Good With Me – Why Does Addiction (to anything) Really Happen?

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Even though the goal is to escape from unhappiness, no one wants to have an addiction as defined by the dictionary: physically dependent upon a particular substance; devoted to a particular interest or activity, to do so.

My definition of addiction is actually the same definition as my definition for other-dependency: being dependent upon someone or something outside of yourself to make you feel good, or at the very least, feel better now.

Everyone who has an addiction is other-dependent. People who are other-dependent often make poor choices in an attempt to feel good. Actually all addictive behaviors are driven by the extreme need to feel good. While an addictive behavior could be one that is easily identifiable such as alcoholism, drug abuse, an eating disorder, compulsive shopping or gambling, it could be any other frequent and habitual activity that has an adverse effect upon you and your life in an attempt to feel good.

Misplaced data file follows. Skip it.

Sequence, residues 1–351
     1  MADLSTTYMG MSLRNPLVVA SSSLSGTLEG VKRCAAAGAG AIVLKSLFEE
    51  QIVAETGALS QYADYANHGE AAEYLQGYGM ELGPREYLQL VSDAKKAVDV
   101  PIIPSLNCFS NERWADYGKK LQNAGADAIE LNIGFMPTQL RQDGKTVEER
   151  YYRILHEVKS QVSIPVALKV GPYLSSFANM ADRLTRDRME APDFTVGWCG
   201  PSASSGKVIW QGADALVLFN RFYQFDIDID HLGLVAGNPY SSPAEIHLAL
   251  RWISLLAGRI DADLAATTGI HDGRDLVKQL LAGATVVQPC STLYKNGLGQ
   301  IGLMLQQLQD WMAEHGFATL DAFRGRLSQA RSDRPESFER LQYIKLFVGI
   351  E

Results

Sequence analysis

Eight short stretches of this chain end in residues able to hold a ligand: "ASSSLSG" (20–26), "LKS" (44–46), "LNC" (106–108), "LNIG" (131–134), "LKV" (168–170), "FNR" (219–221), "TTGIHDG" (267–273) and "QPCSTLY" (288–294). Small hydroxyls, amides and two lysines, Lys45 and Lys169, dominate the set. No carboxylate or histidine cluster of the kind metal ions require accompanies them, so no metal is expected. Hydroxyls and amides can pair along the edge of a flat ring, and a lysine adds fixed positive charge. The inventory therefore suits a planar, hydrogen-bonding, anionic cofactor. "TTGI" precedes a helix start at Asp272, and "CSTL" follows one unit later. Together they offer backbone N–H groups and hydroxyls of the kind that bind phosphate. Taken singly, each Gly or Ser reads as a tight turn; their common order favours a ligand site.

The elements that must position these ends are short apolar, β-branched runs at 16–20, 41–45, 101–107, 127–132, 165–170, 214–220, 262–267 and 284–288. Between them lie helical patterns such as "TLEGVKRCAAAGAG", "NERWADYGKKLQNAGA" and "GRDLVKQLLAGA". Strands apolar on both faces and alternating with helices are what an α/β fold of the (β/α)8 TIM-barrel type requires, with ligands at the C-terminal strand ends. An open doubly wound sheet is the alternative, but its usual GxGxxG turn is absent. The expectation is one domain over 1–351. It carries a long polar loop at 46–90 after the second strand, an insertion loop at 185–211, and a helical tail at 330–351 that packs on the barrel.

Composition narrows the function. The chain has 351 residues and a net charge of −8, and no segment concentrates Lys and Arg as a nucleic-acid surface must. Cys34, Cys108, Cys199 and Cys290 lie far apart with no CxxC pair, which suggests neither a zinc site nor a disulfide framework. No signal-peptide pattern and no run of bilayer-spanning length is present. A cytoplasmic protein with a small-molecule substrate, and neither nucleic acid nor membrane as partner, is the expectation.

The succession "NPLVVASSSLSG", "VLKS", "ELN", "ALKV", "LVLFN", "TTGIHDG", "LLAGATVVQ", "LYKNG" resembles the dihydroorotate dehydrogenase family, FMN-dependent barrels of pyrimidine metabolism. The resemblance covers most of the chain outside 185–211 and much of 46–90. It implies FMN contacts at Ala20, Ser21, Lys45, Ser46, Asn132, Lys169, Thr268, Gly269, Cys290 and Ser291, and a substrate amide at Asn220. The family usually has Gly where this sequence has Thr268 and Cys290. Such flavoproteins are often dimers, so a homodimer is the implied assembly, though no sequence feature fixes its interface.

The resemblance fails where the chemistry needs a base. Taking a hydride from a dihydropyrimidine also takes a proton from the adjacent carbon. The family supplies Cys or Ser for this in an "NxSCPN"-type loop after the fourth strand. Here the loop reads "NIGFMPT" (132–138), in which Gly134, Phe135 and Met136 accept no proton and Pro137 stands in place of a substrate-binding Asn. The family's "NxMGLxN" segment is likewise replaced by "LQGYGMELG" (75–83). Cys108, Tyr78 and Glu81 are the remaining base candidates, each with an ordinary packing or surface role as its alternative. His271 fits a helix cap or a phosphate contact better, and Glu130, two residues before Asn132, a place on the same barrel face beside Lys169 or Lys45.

Author Anne Wilson Shaef says that we are an addictive society, supported with much evidence. If that’s true, then why and how does addiction happen?

You are at risk for becoming dependent upon someone or something outside yourself when you don’t feel good about yourself and when you don’t know how to make yourself feel better right now. Minimal or failed coping skills can lead to poor choices while trying to feel better right now.

If your choice of someone or something seems to help you cope, makes you feel better, and does so quickly, it may end up becoming your favored coping method for dealing with life as it comes at you.

Don’t wait any longer. Good With Me can help you break the chains of other-dependency.

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